The Trump Administration and Israel’s Qualitative Edge

Massive acquisition of advanced planes by Arab countries in recent years is a challenge to the IAF’s future operational freedom. Assuming the full implementation of deals signed with the United States, Europe, and Russia, Sunni Arab states (Saudi Arabia, Qatar, the UAE, Egypt, Kuwait, Bahrain, and Oman) will soon have access to between 500 and 600 fighter jets that are more advanced than the IAF array of planes – except for the F-35. About half of these planes, and the most advanced of them, will be made in the United States. They will be equipped with advanced radar capabilities and some of the world’s best air-to-air and air-to-ground missiles, and only the F-35 will afford Israel a qualitative edge. Israel did not object to these deals, given the assurances of the previous administration that Israel would enjoy a considerable period of regional monopoly of the F-35.

It now appears that the Trump administration is seriously considering selling the F-35 to the UAE. The administration is under pressure from the UAE and Saudi Arabia, two important regional allies for the promotion of regional American strategy, particularly against Iran, to supply them with F-35 planes. President Trump’s “business-based” approach and his desire that regional allies contribute to the United States economy, as well as pressure from Lockheed Martin, the aircraft manufacturer, could tilt the balance in favor of selling the planes to Arab countries. Tendentious leaks on this subject are meant to test the degree of expected opposition from Congress and from Israel.

An agreement by Washington to sell the F-35 to the UAE constitutes a dangerous precedent, which could lead to the supply of these planes to other Arab countries, and spur Russia and China to market their own products. The F-35’s ability to record and send aerial pictures from and to other planes – a feature that creates integration, the capability for network-enabled warfare, and improved distribution of missions between planes  also upgrades the attack and survival capabilities of older planes. Thus, releasing even a small number of F-35 planes to Arab states will facilitate improved operation of their extended range of fighter planes and pose a serious problem to the IAF, if it is ever called upon to fight against the Arab air forces.

Breaching Israel’s exclusive access to the F-35 also contradicts American legislation from 2008 intended to maintain Israel’s qualitative edge. According to this legislation, Israel must have a technological advantage over Arab countries with the American weapon systems at its disposal. However, in a divided Washington, there must be explicit and determined opposition from Israel to spur Israel’s supporters in the administration and in Congress to take action against the possible sale of F-35 planes to Arab countries.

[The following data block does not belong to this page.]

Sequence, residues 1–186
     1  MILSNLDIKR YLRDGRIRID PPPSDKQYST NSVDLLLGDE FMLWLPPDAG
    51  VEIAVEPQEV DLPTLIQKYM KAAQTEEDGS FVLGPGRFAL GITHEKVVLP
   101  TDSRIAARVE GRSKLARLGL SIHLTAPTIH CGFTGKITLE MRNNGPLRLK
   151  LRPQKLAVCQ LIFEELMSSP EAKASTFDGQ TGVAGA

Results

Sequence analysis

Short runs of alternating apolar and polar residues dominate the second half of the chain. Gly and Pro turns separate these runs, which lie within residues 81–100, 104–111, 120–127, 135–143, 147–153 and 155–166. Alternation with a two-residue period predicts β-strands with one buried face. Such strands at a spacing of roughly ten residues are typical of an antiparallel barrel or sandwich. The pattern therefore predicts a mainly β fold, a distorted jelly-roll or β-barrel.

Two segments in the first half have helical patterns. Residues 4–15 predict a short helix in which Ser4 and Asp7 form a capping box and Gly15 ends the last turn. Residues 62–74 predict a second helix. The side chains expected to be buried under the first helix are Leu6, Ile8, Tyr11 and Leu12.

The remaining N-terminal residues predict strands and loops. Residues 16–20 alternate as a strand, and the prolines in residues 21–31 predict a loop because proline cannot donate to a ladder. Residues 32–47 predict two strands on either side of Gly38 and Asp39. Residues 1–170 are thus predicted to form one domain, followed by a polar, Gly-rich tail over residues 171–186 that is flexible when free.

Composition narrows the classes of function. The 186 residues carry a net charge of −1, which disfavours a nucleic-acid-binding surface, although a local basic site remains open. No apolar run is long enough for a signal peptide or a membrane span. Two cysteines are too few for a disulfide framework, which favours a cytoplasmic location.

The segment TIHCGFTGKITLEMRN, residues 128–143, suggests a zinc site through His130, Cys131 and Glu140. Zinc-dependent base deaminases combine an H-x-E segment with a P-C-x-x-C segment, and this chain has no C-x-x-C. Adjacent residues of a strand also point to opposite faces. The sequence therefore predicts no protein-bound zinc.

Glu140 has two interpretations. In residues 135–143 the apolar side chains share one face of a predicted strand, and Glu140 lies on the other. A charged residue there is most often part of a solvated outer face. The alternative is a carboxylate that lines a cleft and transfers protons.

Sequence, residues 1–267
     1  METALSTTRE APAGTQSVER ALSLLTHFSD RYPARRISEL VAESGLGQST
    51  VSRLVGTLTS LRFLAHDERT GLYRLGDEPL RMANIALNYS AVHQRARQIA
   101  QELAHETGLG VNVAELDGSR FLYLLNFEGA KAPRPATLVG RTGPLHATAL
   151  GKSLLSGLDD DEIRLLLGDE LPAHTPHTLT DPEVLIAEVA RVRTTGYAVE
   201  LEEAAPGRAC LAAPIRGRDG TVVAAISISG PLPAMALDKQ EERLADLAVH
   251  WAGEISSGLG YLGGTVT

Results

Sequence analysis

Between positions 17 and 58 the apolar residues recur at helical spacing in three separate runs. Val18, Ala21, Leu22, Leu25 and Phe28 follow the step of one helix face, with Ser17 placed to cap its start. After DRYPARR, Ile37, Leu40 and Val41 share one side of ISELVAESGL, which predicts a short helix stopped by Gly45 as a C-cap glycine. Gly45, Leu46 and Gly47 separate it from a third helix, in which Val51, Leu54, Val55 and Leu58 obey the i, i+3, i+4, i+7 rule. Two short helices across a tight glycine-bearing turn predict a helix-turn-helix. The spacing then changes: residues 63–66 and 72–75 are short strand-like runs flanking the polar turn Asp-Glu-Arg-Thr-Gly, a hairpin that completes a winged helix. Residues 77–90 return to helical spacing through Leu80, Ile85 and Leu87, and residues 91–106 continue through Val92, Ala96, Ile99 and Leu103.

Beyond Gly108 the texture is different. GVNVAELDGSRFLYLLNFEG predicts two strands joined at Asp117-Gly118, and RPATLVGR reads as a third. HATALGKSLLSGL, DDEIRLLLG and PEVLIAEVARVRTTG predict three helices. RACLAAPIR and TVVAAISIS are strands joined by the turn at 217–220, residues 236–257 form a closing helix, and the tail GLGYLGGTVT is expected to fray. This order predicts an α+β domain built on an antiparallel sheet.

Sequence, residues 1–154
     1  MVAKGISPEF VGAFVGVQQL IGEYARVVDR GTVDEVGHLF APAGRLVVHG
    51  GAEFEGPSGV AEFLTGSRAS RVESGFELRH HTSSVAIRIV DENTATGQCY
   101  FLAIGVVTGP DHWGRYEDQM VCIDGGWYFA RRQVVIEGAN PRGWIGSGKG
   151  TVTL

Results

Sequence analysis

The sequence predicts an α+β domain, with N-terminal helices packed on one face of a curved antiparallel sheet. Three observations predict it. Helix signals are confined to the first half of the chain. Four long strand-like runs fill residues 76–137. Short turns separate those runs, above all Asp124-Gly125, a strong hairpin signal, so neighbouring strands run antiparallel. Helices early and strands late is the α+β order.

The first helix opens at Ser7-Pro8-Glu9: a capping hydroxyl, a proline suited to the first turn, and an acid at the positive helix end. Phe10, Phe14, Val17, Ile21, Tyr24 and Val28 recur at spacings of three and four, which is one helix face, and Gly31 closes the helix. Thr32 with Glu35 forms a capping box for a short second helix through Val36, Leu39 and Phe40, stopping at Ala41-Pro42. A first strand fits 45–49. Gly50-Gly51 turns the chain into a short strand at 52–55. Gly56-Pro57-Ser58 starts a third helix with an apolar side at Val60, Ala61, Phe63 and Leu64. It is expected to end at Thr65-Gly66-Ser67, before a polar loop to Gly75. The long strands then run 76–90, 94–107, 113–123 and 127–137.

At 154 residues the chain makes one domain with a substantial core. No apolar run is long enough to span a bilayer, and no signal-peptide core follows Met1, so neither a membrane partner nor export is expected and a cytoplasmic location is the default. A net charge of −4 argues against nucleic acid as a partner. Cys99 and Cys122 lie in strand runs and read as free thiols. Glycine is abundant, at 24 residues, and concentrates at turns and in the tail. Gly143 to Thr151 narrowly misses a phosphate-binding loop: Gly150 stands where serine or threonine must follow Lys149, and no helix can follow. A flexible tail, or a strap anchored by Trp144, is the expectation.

Israel’s opposition to the sale of the F-35 to Gulf states is not expected to affect the growing closeness between the parties, based on converging interests with regard to important regional issues, led by the struggle against Iran, radical Islamic terrorism, and the Muslim Brotherhood. These countries are aware that Israel has in recent years chosen not to object to the sale of advanced American weapon systems, given its assumption that its qualitative edge would be maintained in the form of regional exclusivity regarding the F-35.


It appears that it will not be possible to prevent the sale of fifth-generation fighter planes to Arab states forever, but it is certainly possible to delay this development by several years. The key is the United States, which is now considering the sale of F-35 planes to Gulf states. Therefore, the government of Israel must express its opposition to such sales to the American administration in a clear and determined fashion, while keeping this matter separate from other pending issues between Israel and the United States, principally Iran and the peace process with the Palestinians.